“What do you mean water can cure what ails you?” I asked.”

“Well,” he said, “drinking enough water can cure muscle pain, it can make you feel better in ways that can aid in achieving mental health, and it can balance out salt in the body.” He’s all about the word can, because he knows how much we love our absolutes and the resulting unrealistic expectations that follow.

“Most of us have heard that cure-all stuff,” Z said, “and we all know that this simple element is the best prevention for dehydration, but how many of us sit back and think about the depth of a line like what your doctor said, it can cure what ails you. Drinking more water can promote greater wellness and prevent some of the debilitating conditions we’ve talked about today. When people talk about good health, they all go to food and exercise, you are what you eat and all that, but I drill down deeper to the fundamentals of good health, and laying at the bottom of that well is water and sleep.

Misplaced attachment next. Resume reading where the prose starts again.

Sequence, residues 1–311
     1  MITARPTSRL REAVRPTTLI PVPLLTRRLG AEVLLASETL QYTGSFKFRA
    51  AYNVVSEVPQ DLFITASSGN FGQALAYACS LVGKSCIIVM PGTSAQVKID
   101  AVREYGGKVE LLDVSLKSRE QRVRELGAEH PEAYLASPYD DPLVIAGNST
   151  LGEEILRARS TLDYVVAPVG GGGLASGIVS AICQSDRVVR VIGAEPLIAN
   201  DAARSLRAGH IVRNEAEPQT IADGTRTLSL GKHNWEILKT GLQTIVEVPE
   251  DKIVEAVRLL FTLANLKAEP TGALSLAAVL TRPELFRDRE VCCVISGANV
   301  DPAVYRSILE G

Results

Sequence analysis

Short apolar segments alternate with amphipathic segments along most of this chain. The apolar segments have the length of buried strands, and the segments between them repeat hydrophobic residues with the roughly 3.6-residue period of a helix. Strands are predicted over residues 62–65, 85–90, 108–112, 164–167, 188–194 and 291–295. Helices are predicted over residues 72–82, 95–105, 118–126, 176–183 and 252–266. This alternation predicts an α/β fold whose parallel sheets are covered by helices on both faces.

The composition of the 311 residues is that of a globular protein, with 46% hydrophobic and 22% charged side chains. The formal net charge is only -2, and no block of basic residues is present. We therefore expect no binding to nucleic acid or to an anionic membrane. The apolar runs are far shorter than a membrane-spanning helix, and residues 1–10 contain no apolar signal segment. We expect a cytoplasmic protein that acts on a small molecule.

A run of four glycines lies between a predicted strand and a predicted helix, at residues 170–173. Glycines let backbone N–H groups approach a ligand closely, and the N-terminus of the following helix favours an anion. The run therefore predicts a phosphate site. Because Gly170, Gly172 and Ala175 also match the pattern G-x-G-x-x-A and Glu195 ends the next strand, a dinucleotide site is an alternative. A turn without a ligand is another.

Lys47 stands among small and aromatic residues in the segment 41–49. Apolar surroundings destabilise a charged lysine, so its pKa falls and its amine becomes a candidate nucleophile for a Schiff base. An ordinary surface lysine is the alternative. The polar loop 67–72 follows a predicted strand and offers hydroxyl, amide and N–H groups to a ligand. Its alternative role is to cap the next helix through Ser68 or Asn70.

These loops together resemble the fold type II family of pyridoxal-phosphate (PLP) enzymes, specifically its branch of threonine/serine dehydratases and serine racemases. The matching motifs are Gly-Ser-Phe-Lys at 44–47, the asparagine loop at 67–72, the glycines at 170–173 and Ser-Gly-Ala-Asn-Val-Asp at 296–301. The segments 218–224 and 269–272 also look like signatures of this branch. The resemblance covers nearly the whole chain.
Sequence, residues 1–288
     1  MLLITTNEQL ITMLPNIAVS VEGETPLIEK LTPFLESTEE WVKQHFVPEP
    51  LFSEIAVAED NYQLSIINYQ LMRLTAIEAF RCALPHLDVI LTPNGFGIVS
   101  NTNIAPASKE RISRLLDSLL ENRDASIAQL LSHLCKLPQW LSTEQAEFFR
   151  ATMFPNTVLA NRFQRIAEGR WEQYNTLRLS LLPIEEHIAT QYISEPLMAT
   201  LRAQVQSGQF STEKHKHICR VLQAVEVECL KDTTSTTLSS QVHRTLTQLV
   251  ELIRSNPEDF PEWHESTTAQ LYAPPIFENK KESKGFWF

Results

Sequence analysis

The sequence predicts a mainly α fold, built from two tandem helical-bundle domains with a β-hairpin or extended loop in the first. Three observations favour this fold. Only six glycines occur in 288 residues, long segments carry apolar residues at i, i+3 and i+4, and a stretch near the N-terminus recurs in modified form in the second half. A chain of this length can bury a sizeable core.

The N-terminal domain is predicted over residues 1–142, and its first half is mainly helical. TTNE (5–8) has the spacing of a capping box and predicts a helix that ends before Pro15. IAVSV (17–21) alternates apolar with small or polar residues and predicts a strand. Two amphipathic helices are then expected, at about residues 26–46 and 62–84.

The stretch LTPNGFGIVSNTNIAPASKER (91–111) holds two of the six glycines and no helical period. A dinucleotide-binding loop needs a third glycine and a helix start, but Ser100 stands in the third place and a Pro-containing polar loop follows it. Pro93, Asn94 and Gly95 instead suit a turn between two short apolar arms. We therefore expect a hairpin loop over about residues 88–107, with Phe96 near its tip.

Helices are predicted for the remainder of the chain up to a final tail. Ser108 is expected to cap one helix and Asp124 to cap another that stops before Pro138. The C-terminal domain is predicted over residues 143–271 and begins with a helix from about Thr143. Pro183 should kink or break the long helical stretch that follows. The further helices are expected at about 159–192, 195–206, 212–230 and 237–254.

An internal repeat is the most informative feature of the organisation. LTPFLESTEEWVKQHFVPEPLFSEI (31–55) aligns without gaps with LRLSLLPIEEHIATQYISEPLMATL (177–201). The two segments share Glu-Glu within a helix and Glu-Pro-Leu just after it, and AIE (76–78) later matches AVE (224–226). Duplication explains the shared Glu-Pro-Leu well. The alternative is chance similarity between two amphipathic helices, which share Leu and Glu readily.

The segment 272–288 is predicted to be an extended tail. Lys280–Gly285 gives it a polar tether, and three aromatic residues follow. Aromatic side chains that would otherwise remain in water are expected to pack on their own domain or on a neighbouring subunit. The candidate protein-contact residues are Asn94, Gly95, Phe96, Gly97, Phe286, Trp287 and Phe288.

“Yeah, don’t forget about sleep.” Z added. “Water and sleep. Body builders are always looking for that magic elixir to greater muscle development. They seek brightly packaged supplements that aren’t shy about selling their brand of nirvana. How many supplement stores do you have in your area? They’re everywhere. They’re like the stagecoach charlatans of yesteryear rolling into a town square to sell their miracle cures to unsuspecting customers. Are their claims entirely fraudulent, probably not, but they’re not nearly as over-the-top effective as they claim. I’ve heard some, who are not in the supplement industry, claim that you can throw most of those supplements and protein shakes out the window and get an extra hour or two of sleep for similar and sometimes better results.”